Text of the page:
Well since it took me almost 3 hours to get up I figured I better head down at at 1:20 started to head down when I realized just how bad I messed up my knee!  Pain with every step.  I started slowly down.  Always one step at a time,sometimes on my butt, sometimes on my hands and knees.  Now I’m starting to get muddy and I see I’m covered in bug bites that are actually bleeding. You can imagine the mess I look.  People start to come down and pass me one at a time asking if they can help and if I am ok.  I tell them not to worry I made it up and will make it down.

After about 20 minutes I figure out what´s wrong with me knee.  It hurts when I bend it – not when I put pressure on it.  So I start down sideways one step at a time.  Then to my shock at about 1:45 I run out of water – that right I drank the entire 2 liters!

I haven´t eaten anything yet all day cause I thought I would meet up with Tim for lunch so I grab a hard candy and keep slowly going down when the man with with walkie-talkie asks if I need help.  Then I realize.  He works here and I’m the last one on the mountain.  He offers to get a stretcher and have them carry me off the mountain but I refuse.  I can do it I tell him just slowly.  He takes off my pack, and my empty water, and my vest, puts them in the pack and hands me a walking stick and we go down together.  He keeps insisting I go slow, and continues to offer the stretcher (which I think would be worse!).

Finally at 2:55 I arrive at the base and sign out where I signed in (this is a security thing so they get everyone off the mountain).  Several of the people who passed me where waiting to see how I was and gave me water and power bars.  I tried to give the guy who carried my bag down some money and he only took it when I explained it was because he saved me not because he carried my bag.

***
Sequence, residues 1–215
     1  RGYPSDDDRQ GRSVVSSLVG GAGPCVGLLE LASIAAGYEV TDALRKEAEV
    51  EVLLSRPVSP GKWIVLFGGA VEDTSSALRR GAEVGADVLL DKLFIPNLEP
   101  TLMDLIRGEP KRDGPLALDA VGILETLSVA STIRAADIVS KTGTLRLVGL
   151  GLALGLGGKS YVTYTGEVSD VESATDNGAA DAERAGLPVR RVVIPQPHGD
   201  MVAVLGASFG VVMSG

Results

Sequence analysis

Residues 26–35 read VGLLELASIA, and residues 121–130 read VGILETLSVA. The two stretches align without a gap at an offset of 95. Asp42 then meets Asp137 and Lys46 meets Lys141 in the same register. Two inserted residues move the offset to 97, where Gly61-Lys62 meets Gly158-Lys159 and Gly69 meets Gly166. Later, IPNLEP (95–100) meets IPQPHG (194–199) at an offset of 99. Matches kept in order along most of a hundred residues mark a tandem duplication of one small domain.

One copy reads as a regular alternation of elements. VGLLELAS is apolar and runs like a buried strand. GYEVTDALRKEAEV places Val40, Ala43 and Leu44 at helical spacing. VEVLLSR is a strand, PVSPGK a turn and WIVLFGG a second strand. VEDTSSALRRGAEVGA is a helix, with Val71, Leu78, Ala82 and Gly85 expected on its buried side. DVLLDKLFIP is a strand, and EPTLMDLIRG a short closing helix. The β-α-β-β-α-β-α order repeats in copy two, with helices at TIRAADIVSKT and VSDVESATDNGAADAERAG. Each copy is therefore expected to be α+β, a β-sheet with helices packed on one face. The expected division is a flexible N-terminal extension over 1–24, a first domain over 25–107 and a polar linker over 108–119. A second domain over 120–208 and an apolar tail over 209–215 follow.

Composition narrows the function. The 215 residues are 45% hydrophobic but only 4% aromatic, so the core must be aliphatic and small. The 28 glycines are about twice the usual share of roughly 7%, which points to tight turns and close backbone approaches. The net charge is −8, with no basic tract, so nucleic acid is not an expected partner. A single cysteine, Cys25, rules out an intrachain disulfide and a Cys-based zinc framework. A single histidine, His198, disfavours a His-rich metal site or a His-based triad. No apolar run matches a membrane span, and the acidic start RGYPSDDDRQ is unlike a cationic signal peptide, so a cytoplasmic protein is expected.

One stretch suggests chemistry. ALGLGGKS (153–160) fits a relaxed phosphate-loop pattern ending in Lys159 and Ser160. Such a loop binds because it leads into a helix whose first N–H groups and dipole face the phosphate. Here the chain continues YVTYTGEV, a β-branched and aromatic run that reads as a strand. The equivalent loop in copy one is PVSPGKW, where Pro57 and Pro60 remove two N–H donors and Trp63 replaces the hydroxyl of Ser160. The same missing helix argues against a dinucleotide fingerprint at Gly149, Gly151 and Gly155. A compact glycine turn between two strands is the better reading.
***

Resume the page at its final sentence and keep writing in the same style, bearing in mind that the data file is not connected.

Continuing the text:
I realized I would never find Tim so I headed for the exit.  It took me till 4:30 to find me way out and I bussed back to the hotel.  On the way I get a bandage to put pressure on the knee and some Gatorade (which they sell a lot of).  At the hotel I left Tim a note and got some food and drink.

Tim showed up about 7pm.  He waited for me at the last bus and then came back and ate himself.  It turns out he didn’t see Mach Pichu either and went the other direction towards the Incan train and hike up to the entrance gate that way.  I went and had a massage (they did a great job on my knee) and we agree to go back to Machu Picchu on Tuesday to see it and photograph it nice and slow.

[Re-posted from my University Blog & Edited 07/01/2011]

Peru Day 8 – Machu Picchu (and a nightmare!)